The West

Alan Joyce. Picture: Getty Images

Qantas chief executive Alan Joyce came under intense pressure to resign yesterday, with analysts saying the 5000 job cuts he announced on Thursday are not enough and unions said there was no strategy for the future.

The airline also refused to rule out more cuts at talks with union leaders yesterday, which prompted ACTU secretary Dave Oliver to call for an independent audit to find savings and efficiencies instead of slashing jobs.

"We're not suggesting strike action at this stage, but what we are saying is we will be fighting for every job," Mr Oliver said.

Qantas Domestic chief executive Lyell Strambi conceded the unions were not happy.

"It's fair to say the unions don't support the level of jobs that will have to go in order to protect as many jobs as possible," Mr Strambi said.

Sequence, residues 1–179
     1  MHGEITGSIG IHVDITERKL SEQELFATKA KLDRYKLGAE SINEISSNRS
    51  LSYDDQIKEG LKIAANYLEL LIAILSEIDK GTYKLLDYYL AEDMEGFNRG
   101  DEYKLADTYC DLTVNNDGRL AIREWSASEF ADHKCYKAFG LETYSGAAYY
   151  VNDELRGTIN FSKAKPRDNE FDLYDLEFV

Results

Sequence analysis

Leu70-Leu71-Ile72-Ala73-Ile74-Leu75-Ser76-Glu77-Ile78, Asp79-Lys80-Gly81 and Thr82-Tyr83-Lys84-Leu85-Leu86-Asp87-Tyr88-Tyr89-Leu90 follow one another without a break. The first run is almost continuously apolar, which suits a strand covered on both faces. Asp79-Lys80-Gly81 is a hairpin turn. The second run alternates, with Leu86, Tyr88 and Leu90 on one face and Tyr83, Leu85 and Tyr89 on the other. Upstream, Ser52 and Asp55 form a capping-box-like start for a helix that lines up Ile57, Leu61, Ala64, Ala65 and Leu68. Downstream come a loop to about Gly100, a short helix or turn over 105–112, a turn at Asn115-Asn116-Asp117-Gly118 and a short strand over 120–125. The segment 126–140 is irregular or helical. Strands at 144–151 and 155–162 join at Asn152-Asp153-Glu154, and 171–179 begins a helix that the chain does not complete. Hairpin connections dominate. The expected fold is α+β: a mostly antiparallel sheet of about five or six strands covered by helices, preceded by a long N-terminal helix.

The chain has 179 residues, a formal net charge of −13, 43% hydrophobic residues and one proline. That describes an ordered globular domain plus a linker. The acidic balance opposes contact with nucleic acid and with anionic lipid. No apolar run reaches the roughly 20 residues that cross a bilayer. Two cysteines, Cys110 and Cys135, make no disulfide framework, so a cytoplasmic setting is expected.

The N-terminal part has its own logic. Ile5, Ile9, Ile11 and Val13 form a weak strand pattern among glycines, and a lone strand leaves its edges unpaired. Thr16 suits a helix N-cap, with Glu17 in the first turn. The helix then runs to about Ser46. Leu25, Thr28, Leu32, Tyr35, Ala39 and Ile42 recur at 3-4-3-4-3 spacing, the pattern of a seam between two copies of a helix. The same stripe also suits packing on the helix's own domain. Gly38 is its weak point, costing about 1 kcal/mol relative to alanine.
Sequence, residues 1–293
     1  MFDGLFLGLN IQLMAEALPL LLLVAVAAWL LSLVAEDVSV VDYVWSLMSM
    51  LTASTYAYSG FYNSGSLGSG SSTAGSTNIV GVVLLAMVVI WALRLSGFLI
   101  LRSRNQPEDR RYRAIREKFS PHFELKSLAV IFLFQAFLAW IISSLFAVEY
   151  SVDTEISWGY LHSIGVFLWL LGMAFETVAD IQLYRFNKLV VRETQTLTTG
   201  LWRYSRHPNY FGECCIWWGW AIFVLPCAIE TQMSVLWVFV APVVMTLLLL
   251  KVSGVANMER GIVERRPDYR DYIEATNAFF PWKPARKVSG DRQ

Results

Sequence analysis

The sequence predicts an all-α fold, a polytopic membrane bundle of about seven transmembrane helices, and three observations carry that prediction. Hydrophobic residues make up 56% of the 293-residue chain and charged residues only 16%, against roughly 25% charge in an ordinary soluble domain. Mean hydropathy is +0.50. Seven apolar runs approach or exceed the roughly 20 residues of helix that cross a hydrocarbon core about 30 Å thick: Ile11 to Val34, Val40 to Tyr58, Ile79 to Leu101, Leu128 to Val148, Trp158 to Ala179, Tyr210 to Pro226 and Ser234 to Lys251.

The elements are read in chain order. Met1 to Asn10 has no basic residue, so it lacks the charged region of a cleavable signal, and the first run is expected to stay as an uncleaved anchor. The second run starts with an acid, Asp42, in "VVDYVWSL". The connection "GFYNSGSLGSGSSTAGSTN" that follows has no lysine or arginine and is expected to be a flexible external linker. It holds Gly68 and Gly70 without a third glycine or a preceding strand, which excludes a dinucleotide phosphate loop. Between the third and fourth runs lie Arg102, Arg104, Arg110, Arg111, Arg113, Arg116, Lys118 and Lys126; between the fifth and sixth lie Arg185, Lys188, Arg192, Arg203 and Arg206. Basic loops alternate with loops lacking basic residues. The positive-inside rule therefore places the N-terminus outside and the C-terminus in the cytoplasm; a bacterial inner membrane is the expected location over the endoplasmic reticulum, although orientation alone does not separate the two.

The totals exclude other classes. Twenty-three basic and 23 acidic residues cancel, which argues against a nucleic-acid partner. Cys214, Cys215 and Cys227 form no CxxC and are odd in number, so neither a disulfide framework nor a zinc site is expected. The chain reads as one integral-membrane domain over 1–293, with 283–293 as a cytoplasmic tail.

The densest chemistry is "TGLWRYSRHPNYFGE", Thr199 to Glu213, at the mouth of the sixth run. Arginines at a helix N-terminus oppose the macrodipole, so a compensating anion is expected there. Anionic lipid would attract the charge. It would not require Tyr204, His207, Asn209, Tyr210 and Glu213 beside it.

Responding to a Sunrise viewer poll that showed 94 per cent of respondents thought he should resign, Mr Joyce defended his leadership, claiming to be "the right man" for overseeing the tough measures needed to return the airline to profit.

However, Centre for Aviation chairman Peter Harbison warned that Qantas would face much more intense competition.

"New airlines from Indonesia will enter the Australian market next year and they have aggressive expansion plans," he said.

Transport Workers Union national secretary Tony Sheldon claimed Qantas "hasn't got the executive capacity to turn around" the airline.

He claimed the Qantas board and executive had an 82 per cent wage increase since 2010.

"They have paid no money back in dividends to shareholders, slashed jobs and more jobs and haven't got a strategy for the future," Mr Sheldon said.

Mr Harbison said the cuts should have been made 10 to 15 years ago and Mr Joyce was under enormous pressure. "This is his greatest test," he said.

He said Qantas had a domestic business class monopoly after Ansett collapsed which masked the need for efficiencies.

The West Australian

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